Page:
Crucial technology relating to the Pentium II is protected by trade secret, not patents, Intel spokesman Chuck Mulloy said. Therefore, even if Cyrix can obtain the rights to the patents through its new parent company, National Semiconductor, Cyrix will still lack access to the trade secrets it needs to make a Pentium II.
Intel's counter-statement is the latest salvo in what could turn out to be a highly visible and crucial dispute in the semiconductor industry.
Cyrix has stated that a cross-license between National and Intel gives it the right to make chips based on Pentium II designs--designs that Intel so far has refused to license. If Cyrix proves to be correct, it could open the door to competition in the high-end desktop arena because it will mean that at least one other vendor can make Pentium IIs.
But the crucial technology not covered by the patents regards the system bus, said Mulloy, which is the computer's internal vehicle for transferring data to and from the processor. The Pentium II uses a proprietary system bus called "Slot 1" that differs from the "Socket 7" bus used by the Pentium class chips currently marketed by Cyrix and Advanced Micro Devices.
As a result, computer vendors and motherboard manufacturers have to chose whether to design products for the Pentium II or for other processors. The growing popularity of the Pentium II puts Cyrix and AMD at a competitive disadvantage since they cannot emulate or obtain plans to the Pentium II.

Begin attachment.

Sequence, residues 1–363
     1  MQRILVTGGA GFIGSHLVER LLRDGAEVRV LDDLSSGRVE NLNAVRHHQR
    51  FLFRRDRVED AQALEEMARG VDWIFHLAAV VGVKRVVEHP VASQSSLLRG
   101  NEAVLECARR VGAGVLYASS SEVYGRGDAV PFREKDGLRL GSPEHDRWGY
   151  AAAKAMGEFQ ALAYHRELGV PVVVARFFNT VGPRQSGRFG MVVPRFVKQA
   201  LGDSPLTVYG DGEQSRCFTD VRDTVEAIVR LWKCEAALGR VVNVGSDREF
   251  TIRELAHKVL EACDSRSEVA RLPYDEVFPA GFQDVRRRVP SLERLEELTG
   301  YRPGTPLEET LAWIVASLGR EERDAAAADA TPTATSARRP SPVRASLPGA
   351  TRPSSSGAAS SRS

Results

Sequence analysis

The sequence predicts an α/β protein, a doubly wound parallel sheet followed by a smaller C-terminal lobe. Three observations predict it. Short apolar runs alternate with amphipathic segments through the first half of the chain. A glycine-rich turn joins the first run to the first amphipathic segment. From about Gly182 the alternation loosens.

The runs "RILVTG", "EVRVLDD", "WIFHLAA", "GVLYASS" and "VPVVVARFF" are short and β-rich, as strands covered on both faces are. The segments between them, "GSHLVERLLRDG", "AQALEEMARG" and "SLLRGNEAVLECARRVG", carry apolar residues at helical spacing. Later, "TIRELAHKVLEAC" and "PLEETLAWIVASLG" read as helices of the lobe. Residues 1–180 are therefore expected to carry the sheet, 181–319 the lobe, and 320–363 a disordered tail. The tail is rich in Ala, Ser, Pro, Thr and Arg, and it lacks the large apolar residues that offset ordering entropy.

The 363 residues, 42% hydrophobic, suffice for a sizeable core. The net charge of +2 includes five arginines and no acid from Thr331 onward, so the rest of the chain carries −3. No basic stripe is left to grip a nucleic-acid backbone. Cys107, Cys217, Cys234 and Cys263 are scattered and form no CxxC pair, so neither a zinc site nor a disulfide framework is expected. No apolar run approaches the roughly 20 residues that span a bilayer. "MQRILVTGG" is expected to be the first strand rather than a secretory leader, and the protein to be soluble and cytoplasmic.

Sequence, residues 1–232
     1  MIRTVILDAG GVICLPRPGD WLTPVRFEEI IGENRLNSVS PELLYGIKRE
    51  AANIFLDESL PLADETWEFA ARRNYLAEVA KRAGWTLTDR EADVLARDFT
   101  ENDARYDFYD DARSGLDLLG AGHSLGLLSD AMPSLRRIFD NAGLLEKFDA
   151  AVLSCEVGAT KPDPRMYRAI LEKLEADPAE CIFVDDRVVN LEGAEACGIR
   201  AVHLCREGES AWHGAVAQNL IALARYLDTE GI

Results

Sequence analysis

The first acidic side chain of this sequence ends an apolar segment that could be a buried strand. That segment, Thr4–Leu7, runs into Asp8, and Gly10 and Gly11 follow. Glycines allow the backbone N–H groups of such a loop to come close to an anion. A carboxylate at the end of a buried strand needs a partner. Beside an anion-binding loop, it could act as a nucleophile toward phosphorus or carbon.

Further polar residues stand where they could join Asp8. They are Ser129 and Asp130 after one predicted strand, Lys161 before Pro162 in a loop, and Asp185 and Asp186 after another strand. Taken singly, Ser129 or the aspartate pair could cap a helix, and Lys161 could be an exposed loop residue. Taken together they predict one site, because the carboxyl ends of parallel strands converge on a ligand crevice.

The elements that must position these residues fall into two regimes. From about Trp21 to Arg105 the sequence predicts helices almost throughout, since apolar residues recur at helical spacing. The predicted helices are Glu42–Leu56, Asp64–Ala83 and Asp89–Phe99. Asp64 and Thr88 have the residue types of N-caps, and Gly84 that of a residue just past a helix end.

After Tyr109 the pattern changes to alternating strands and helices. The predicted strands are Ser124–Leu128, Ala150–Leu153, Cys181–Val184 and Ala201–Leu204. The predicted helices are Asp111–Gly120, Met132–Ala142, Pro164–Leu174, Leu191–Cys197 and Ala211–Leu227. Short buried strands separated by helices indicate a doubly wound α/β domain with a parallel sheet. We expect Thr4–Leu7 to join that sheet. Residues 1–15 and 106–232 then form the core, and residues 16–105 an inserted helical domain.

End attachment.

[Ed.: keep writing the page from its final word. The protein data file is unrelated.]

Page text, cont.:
"The [Pentium II] bus is protected by patents and trade secrets," Mulloy said. "Having access to the patents doesn?t give them all the technology."
Linley Gwennap, editor in chief of The Microprocessor Report, agreed, adding that Cyrix would still face a huge design effort to actually come out with a Pentium II-style chip. "There's a lot of stuff out there that Intel doesn't put on its patents," he said.
Gwennap further pointed out that Intel has also been granted overall system patents, that is, patents for circuit boards or other computer features that are necessary to make a computer run on a Pentium II. Intel currently issues additional licensing for components and circuit boards to third-party manufacturers so that they can make Pentium II computers.
Intel, he said, doesn't necessarily have to issue these additional patents to third parties who chose to adopt a Cyrix-made Pentium II-class chip. Intel has actually litigated this issue in court and lost, he added. However, the previous case will not likely be binding. Intel thus could at least slow up Cyrix with a lawsuit.
Richard Belgard, a consultant for MicroDesign Resources, which publishes The Microprocessor Report, said Cyrix could use reverse engineering to replicate the bus. Reverse-engineering results, combined with the license, would then open up an opportunity for the company.
"You can reverse engineer trade secrets and it's not that hard," he said. "If they can determine these trade secrets by reverse engineering, it's a huge market."
Steve Tobak, vice president of corporate marketing at Cyrix, said Wednesday that Cyrix could legally use the patents to make Pentium II chips. While he said Cyrix has not committed to making Pentium II-style chips, the company could start to roll some out in late 1998.